Mental Health with Herbalist Amanda Furbee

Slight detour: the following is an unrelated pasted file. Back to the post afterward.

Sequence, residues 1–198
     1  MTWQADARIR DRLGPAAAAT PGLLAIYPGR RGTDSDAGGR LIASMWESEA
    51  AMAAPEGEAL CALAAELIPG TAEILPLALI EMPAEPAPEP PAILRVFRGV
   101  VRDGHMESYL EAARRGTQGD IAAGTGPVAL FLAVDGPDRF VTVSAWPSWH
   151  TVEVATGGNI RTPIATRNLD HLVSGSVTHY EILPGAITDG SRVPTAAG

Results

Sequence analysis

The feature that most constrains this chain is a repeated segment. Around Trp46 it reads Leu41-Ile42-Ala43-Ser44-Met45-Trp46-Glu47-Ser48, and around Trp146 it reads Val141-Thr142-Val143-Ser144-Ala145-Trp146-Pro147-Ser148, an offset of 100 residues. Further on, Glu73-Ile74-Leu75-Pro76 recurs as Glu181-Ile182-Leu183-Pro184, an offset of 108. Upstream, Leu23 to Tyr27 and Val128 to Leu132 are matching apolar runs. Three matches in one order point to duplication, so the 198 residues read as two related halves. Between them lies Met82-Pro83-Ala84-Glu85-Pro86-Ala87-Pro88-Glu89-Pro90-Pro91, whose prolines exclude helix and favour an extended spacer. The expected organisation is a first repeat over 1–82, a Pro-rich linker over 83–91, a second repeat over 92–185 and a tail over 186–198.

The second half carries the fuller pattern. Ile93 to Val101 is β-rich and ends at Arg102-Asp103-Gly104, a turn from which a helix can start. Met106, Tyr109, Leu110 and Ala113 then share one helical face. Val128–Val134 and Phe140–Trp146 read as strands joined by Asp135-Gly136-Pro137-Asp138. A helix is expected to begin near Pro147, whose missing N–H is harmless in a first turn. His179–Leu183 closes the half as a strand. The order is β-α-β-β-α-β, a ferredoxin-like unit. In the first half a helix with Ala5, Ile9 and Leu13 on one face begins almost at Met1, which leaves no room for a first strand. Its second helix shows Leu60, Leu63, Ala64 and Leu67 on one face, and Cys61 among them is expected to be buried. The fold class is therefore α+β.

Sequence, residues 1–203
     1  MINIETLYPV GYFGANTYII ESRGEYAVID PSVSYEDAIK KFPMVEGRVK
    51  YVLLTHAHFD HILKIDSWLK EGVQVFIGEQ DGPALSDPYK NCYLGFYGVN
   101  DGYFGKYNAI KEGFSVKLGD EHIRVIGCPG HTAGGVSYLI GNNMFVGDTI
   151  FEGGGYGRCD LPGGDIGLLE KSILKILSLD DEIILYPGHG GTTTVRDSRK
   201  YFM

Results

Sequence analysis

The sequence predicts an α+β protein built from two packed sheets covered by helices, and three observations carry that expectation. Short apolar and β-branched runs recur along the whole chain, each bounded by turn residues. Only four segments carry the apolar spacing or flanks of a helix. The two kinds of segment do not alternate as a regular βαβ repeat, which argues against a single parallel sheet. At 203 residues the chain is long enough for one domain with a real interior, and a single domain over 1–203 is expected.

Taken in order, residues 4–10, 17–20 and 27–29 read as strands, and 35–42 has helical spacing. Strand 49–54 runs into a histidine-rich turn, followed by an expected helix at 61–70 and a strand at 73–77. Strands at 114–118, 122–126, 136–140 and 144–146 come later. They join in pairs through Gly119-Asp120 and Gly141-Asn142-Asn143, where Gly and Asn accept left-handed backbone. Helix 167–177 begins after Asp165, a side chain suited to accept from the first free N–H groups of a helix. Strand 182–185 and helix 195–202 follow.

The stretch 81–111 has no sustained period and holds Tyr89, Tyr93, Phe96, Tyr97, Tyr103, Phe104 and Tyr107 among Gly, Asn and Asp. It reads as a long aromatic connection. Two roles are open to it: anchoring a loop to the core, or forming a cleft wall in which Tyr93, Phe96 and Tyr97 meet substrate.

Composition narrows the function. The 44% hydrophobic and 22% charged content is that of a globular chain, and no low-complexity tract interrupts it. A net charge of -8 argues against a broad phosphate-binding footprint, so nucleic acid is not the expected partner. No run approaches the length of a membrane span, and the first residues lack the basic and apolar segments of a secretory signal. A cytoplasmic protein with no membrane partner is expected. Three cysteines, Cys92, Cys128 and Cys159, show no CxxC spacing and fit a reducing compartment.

What is mental health anyway? By definition it is, “Psychological well-being and satisfactory adjustment to society and to the ordinary demands of life” We are accustomed to categorizing things, places, people and conditions. We organize the ideas in our brains in order to match normal societal means of what is ordinary--the status quo. This allows us to simplify and understand broad spectrums of concepts. That is alright, except when it comes to things we don't understand as well. An example of this in our society is that if a condition is not "ordinary" then it becomes unusual, and therefore, categorized as a mental condition or "illness." In modern psychiatry, like many sciences, it is common to categorize mental health based solely off of similar case studies. Then we dissect, label and try to fix. We don’t always want to know what’s “wrong” or why it's “wrong,” we just want it fixed. Maybe we are afraid to know the underlying truth, or maybe we are ashamed to know and understand the issue completely. Our culture screams “Give me that quick fix!" Often, I see folks that are afraid to feel, to grieve or to show any emotion at all. We have to encourage, support and uplift one another, relearn our feelings, and practice expressing ourselves more. Each moment we encounter shapes who we are. No one person is exactly the same. We may have similarities, due to being in the same place or in a similar situation, and yet we all interpret situations emotionally on a different scale. I find that it is quite exquisite and beautiful how unique these emotions can be! Because the spectrums on Mental Health vary so vastly, it is important to dig for baseline answers. Where does the “condition” stem from? Is it lifestyle? Is it nourishment? Stress levels off the charts? Often times, modern psychiatry just puts a band-aid on the issue instead of addressing the core concern. This can stunt our emotional release and re-program our responses to situations. In-turn, causing a “condition” that continues with a band-aid instead of an accepting of the emotional vulnerability needed to heal us. In traditional medicine, we dive a bit deeper into these key components such as lifestyle, exercise or movement and how well we are nourishing our bodies. Jon Keyes from Hearthside Healing gives a beautiful description of how traditional medicine addresses Mental Illness. When looking at emotional distress, traditional medicine practitioners tend to look at lifestyle choices and improving the ability to manage stress as well as using somatic techniques (acupuncture, cupping, massage) and encouraging sacred movement (tai qi, qi gong, yoga) for healing. Instead of examining previous trauma and analyzing ones thoughts and experience, a traditional medicine practitioner stresses lifestyle change and using healing techniques. One of the major differences between traditional medicine and modern psychiatry is the notion of length of an illness. Modern psychiatry labels broad experiences under the rubric of one label (schizophrenia, bipolar disorder) and generally see these labels as permanent conditions. Traditional medicine tends to see emotional distress as a temporary condition that can be alleviated by natural remedies. Traditional medicine also incorporates a wide vocabulary for describing the complex forms of emotional distress that people experience. -( Being emotional and not having all the answers for why you may feel a certain way may be exhausting and overwhelming. But by simply peeling back the layers of events and traumas you can find your balance. Traditional medicine has many route which can beheld to you by addressing your emotional imbalances. It is a solid approach to finding out more about yourself and your individual exploration to maintaining a stable, growing, dynamic you. Love yourself! To set up an herbal consultation with me email:

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